I’m reading the new biography of Leonardo DaVinci by Walter Isaacson. Fascinating! I’m learning about the Renaissance, and Italian politics in the 1400s, and the interesting ways art impacted warfare and power. It was a perfect environment for a man like Leonardo. I’ve discovered that he was driven by curiosity! He wanted to know how things were connected, how they worked. Though he struggled with math, he inherently understood physics, and the patterns he found in a curling seashell, a river eddy and a lock of hair. He filled over 7200 pages of notebooks with his ideas, designs and artwork. Bellisimo!

My big takeaway so far: Leonardo didn’t finish most of his works. He considered the Mona Lisa an unfinished project. He worked on it for 16 years, editing and repainting, until his death. Yet the painting is priceless, arguably one of the world’s greatest artworks. His perhaps most ambitious painting – The Adoration of the Magi – was abandoned. His early drafts show dozens of characters and background elements. One suspects he could never execute what he was seeing in his head, so he just let it go. However, his sketches of this piece showed his expanding understanding of light and perspective, deeply informing his mural of The Last Supper.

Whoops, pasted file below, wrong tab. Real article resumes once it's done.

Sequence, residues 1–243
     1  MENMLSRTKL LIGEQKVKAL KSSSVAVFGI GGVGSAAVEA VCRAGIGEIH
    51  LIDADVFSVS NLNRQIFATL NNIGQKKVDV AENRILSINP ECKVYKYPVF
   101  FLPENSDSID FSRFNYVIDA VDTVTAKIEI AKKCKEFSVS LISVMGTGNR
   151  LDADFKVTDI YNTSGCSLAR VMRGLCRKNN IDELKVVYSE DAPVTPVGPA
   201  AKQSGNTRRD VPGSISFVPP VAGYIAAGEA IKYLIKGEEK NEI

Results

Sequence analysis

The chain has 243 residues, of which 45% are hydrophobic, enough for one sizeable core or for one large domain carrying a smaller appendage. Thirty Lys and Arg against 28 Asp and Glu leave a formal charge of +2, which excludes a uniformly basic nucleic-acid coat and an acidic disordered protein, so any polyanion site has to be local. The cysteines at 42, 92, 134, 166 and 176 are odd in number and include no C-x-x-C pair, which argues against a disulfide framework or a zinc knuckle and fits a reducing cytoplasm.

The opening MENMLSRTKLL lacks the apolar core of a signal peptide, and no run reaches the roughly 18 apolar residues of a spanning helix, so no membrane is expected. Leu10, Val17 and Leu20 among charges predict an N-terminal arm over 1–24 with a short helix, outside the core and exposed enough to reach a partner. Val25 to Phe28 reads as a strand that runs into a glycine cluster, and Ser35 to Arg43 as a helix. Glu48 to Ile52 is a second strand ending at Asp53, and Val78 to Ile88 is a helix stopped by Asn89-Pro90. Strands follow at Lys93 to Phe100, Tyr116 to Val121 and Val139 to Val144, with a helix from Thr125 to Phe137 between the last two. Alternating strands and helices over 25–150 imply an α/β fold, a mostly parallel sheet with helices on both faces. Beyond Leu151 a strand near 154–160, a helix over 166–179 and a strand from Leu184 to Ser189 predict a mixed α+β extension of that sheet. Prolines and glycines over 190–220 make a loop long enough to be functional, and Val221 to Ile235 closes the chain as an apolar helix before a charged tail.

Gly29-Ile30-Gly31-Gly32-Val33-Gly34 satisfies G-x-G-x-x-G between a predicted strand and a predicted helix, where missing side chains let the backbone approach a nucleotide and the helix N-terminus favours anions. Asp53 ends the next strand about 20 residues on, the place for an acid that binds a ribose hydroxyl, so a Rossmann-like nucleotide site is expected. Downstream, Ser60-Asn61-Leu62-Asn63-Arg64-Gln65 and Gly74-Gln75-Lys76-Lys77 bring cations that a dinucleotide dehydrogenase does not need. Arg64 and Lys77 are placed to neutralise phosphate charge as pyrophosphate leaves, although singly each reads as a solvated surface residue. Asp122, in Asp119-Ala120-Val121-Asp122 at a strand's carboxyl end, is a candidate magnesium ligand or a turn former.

So, what if we worried less about getting stuff done? Nothing is ever done. The moment software comes out, there are updates to do. An operating manual will need corrections every week, if not each day. Some detail of the trade show will slip by and the show will go on. What if we lived life as a work in progress? Everything we do impacts the next thing we do, inevitably, and sometimes surprisingly.

That doesn’t mean throwing out the checklists. It just means aiming for progress, and letting go of perfection. That’s my intention for 2018.

What’s yours? Comment below!

Wishing you love, peace, prosperity and freedom in 2018 and beyond!

xo$, Ellen

PS… Here’s the link to a book on Leonardo’s notebooks. They are still mostly intact today!